For the folks who think that whenever I blabber about telcos losing their competitive business model I am going senile, it seems I am not the only one.
Many industry experts and visionaries are viewing it in the same light.
Here is an article on a very forthcoming CTO of HP who runs his very informative blog here.
Here’s a tough problem with multiple answers.
I’m trying to explore different wireless business models.
The wireless business has been shifting in a big way. People are using less voice, therefore less minutes are being charged to them. Users are starting to shift their usage to more data. Up until recently the data plans were unlimited so while the number of users might be increasing, the overall ARPU (average revenue per user) is dropping. In Asia and Europe texting is huge, voice simply isn’t.
So one can assume the following chain of events is true: LESS ARPU -> LESS PROFIT -> LESS INVESTMENT IN NEW TECHNOLOGY -> LESS COMPETITION -> CRAP SERVICE. I whipped this flow together in 30 seconds, please feel free to rip it apart.
Now there are ways carriers can lean out cut costs and increase margins, but this type of thing can only go on so long before they need to grow their business again. They cannot keep cutting at the cost of innovation, this happens in multiple industries, the wireless industry is no different.
I remember back in the day when a small cell phone company would make a sale, they received residual payments off of every activation they sold. Now there is no such model, the margins are just too tight, the competition is fierce, and the market is pretty much saturated.
Today Google and Verizon came up with some interesting "ideas" regarding Net Neutrality, specifically in the wireless space. The problem I see is if such ideas were to become reality we would likely see the same push in the fixed broadband space because cable providers are facing similar issues. More people are using the internet, less people watching TV, therefore they only need data, and so forth.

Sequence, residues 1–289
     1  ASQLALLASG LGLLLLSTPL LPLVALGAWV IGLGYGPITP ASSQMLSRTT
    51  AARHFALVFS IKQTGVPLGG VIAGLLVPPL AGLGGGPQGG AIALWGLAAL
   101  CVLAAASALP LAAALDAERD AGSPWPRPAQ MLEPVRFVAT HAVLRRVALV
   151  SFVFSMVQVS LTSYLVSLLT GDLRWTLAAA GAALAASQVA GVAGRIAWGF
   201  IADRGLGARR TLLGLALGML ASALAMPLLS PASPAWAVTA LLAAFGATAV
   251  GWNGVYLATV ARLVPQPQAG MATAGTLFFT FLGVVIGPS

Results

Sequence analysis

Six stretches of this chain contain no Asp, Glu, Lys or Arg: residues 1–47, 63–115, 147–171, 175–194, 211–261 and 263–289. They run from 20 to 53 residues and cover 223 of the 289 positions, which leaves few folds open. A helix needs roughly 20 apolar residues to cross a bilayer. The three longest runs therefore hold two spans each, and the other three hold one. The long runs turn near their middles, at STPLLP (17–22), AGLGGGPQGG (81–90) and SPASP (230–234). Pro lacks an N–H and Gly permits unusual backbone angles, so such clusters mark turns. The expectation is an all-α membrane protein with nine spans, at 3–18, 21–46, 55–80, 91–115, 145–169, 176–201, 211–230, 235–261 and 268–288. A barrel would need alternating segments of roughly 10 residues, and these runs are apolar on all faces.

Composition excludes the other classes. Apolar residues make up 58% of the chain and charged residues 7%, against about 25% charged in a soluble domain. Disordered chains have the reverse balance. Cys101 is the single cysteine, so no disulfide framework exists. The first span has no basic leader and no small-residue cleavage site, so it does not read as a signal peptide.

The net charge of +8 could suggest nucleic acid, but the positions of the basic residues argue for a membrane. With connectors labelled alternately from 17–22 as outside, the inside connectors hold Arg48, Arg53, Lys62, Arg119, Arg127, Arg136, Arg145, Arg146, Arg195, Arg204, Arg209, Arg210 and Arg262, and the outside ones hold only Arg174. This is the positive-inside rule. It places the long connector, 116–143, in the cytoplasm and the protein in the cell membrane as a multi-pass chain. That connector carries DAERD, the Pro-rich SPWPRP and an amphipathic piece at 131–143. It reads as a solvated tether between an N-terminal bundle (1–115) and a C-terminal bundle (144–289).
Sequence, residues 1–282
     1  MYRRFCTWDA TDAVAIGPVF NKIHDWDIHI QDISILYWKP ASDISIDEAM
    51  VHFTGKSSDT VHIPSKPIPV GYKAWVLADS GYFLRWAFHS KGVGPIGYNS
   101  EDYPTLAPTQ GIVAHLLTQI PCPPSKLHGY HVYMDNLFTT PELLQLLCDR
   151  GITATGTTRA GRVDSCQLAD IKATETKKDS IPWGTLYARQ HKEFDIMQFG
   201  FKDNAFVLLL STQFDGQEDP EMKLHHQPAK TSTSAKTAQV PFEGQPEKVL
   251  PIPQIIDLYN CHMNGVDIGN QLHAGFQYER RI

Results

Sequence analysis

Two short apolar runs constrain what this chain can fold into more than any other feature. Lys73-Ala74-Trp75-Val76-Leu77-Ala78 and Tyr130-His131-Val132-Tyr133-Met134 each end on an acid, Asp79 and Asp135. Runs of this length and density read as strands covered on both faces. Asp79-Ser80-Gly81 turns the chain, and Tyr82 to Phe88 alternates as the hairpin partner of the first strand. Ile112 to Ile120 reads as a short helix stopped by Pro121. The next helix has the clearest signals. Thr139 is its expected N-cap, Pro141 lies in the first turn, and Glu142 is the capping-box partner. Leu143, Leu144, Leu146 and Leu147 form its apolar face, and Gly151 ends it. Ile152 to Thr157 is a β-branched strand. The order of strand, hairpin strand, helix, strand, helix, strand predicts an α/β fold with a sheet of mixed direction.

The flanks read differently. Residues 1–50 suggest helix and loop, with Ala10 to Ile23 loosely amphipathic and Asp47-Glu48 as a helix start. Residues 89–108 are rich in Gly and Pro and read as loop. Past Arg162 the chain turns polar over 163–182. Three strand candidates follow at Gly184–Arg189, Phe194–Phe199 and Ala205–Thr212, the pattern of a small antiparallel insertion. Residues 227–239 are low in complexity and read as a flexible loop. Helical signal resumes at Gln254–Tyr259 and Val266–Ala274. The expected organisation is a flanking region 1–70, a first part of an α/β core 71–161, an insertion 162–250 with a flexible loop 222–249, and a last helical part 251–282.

So how much should the consumer pay for a wireless phone plan? What should be included in that plan? If you were the CEO of a small carrier how would you adapt your business in the face of this challenging environment?
The obvious answer to many consumers is "who cares if the carriers make money…" — but this is why companies like Verizon and Google are getting together to chat.
I certainly have gathered great ideas and I’m putting them together. I think we have something unique we can offer the market, but aside from that the carriers do face big challenges – and as partners I believe it’s good to help them overcome such challenges. Thoughts?
Eric J Shoemaker:
I believe that there is no need to pay for talk anymore. Wireless carriers should just give away minute, even internationally. I say this is because if I so choose, I can just talk through my unlimited Data. This is the same with cable… I would rather have faster internet and be able to watch the shows I want through the internet. When I want. Carriers/Cable companies keep fighting this instead of embracing the ability to give the consumer what they want. My advice: Just embrace it, come up with a competitive pricing scale and their you have it problem is solved. I think that a pay for use/without overages is a great idea.
There are two types of users, which translates into 2 price points:
1. Consumer: willing to pay ~$45-$55 for lower Data w/ higher usage of Voice.
2. Prosumer: willing to pay ~$100 for unlimited data/voice.
Sprint is charging $10 in addition for 4G. This is definitely based on a higher profit margin then the 3G plans in effect.
As companies face these cut throat times, they will make the Most profit based on equipment and insurance. But they still will make money on the plans.
They might not make what they did a few years ago, but a profit is a profit.
Companies will need to keep customer satisfaction high in-order to retain and get new customers. (Sprint has shown this last QTR)
It is cut-throat, but competition will help the consumer wallets, and keep the companies sharp.